Aside from the noise generated by the crowd, there is little in the game day presentation here that will be new to any seasoned hockey fan. The team holds a chuck a puck contest, along with the standard 50/50 and jersey raffles. There is a small scoreboard on either end of the rink, and the usual rock music blaring over the PA system. A small souvenir stand is located on the main concourse with a variety of Titans gear.
Danbury is a small city of just over 80,000 residents located on the Connecticut/New York State line. The Ice Arena is located downtown, with a few local establishments within walking distance of the rink.
Many Titan fans will head over to Two Steps Bar and Grill for pre or post game celebrations. Fans of the chicken wing should seek out TK's American Café, which features over 50 different flavors.
The Titans averaged 734 fans per game for the 2015-2016 season, which was a decrease of about 50% from their lowest average during the Whalers years, and less than a third of what the Trashers averaged in their two seasons. 2015-2016 also marks the first season that Danbury did not lead the Federal League in attendance.
What the fans in Danbury may lack in numbers, they make up for in enthusiasm. Fans in Danbury have traditionally had a reputation as one of the more rowdy and toughest crowds in the low minors, and this is a reputation they are most proud of. While the fans here may be a bit salty for some tastes, this is a group that fully supports their team. The team's most diehard fans congregate in Section 102, directly behind the visitor's bench, and spew their venom in that direction.
The city of Danbury is located in southwestern Connecticut near the New York State line. New York City is located about 70 miles to the southwest, and Hartford is located 60 miles to the northeast. The Connecticut coastal cities of New Haven and Bridgeport are about 30 miles to the south.
The easiest way to arrive in Danbury is to take Interstate 84, which passes right through Danbury about two miles from Danbury Ice Arena. The best way to get to the rink is to take Route 53, also known as Main St. Take exit 5 off of I-84, then a left onto Liberty St. The arena will be a block up on the left.
The Danbury Ice Arena is basically a community rink, and it will look the part as you enter the facility. Fans will enter directly into the main concourse of the arena. There are no ticket booths here, just a couple of Titans staffers manning a table. The concourse is a large hallway that runs the length of the building, and contains a skate rental booth, concessions, lockers, and restrooms. There are two rinks here, with the rink the Titans use located on your left.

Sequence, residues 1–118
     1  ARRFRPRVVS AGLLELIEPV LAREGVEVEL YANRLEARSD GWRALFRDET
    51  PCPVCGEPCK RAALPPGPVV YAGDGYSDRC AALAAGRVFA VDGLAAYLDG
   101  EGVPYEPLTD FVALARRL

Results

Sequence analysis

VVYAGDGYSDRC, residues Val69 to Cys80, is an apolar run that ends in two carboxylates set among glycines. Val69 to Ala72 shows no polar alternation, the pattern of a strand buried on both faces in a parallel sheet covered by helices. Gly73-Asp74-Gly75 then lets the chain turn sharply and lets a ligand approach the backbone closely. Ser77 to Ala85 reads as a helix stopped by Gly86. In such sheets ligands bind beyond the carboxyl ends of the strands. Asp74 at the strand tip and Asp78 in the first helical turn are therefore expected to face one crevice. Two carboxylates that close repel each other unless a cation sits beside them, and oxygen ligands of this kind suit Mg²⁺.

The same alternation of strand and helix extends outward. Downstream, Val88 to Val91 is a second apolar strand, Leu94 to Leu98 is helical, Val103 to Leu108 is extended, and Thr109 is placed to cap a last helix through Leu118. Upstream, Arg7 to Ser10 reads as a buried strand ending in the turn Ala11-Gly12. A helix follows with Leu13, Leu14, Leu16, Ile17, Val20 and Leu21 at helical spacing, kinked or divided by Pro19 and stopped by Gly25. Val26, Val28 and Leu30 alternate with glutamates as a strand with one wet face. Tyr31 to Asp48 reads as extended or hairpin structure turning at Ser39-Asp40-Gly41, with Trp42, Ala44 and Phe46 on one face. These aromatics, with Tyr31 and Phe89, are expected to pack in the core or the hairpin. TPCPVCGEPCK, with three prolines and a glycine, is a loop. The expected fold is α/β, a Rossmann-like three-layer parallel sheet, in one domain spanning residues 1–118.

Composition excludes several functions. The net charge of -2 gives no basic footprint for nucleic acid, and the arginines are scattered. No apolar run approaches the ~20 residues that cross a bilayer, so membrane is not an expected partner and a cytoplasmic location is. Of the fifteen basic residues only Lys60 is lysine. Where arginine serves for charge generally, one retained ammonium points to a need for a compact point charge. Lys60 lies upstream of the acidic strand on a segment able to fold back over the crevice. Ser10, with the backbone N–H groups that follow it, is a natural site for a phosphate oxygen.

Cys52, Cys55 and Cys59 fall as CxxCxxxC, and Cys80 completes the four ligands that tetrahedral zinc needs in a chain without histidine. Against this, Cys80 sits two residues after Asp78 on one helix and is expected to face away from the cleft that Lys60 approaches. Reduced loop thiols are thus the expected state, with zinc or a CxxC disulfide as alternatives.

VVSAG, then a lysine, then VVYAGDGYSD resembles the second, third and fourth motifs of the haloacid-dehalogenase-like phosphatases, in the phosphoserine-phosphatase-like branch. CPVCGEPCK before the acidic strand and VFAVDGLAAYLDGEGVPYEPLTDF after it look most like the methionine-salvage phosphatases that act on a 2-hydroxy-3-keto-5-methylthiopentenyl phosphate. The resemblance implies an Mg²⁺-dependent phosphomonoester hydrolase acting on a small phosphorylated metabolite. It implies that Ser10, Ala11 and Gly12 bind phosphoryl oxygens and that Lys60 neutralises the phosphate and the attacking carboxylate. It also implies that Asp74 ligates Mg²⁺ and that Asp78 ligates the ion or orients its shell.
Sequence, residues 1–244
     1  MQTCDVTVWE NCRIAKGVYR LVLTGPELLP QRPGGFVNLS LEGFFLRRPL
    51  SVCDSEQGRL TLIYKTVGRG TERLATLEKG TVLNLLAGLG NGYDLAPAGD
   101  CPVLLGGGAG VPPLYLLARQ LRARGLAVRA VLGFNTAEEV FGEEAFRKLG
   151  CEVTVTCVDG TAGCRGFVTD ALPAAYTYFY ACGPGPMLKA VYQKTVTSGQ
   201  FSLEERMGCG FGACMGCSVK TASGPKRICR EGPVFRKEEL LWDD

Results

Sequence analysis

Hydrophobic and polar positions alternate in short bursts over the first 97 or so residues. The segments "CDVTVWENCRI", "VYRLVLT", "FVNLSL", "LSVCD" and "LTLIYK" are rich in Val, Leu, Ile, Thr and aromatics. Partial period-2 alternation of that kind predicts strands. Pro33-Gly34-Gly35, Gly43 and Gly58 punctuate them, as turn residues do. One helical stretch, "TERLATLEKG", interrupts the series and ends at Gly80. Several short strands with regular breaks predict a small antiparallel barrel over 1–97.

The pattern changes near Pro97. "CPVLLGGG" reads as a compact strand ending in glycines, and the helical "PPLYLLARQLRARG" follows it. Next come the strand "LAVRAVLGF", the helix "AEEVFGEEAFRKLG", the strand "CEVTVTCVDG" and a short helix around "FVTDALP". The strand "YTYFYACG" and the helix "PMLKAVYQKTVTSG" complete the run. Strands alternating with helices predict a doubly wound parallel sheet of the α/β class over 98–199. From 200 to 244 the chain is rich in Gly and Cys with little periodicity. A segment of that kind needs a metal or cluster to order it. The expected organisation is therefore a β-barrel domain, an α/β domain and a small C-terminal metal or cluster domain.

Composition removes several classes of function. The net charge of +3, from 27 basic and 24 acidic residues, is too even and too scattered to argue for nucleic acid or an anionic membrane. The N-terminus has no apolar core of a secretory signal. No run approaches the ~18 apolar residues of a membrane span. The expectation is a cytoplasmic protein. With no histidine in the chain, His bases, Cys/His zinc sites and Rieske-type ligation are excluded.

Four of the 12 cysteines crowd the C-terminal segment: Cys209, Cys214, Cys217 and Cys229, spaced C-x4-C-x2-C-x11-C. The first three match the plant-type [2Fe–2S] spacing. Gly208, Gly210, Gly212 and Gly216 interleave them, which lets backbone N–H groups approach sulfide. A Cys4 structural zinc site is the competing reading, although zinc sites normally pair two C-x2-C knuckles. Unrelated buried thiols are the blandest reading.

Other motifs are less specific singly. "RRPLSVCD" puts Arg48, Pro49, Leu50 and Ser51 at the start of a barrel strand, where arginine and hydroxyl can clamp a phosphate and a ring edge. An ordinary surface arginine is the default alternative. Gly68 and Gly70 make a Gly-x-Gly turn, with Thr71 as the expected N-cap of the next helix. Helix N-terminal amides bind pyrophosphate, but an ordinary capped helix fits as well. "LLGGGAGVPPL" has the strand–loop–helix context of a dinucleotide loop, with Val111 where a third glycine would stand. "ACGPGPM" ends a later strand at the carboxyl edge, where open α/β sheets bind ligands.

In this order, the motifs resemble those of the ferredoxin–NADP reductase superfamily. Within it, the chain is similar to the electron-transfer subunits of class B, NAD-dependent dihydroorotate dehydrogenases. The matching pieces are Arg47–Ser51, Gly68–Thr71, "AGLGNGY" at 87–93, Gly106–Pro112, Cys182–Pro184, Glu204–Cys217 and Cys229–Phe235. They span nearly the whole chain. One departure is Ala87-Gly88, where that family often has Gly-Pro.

Fans who have purchased 200 level seats will climb the stairs to their sections. Other fans will enter the arena at ice level and circumnavigate the ice to the 100 level seats. On the way to your seats, take note of the most unique seating sections, which were shoehorned into tiny spaces when the rink was upgraded for professional hockey. One of the sections seats a whopping four people! Also of note is the wheelchair seating located at the top of a bunch of stairs.
Most of the seats at the Danbury Ice Arena consist of metal bleachers without seat backs. There are some premium individual seats at center ice of the 200 section. Fans who would like an up-close hockey experience can take in the action from ice level, as one entire side of the rink is available as standing room.
Tickets to a Titans game cost $15.50 for adults and $10.75 for children. Parking in the lot directly across the street from the arena costs $3.50, with additional parking available in a large garage on Independence Way. Locals will seek out the limited free on-street parking available in the neighborhood surrounding the rink. With modest food prices, taking in a Danbury Titans game is an affordable option to the higher-level minor league hockey in the area.
There isn't a whole lot that can be considered extra about the Danbury Ice Arena as a venue for professional hockey. The arena's colorful history and unique seating options qualify for an extra point.
The Danbury Ice Arena offers little in the way of creature comforts that most professional hockey rinks feature today. Still, this small arena holds an interesting place in the annals of lower level professional hockey. If traveling through the greater New York City area, the Danbury Ice Arena may be worth a visit.
Follow all Paul Baker's stadium journeys on Twitter @PuckmanRI.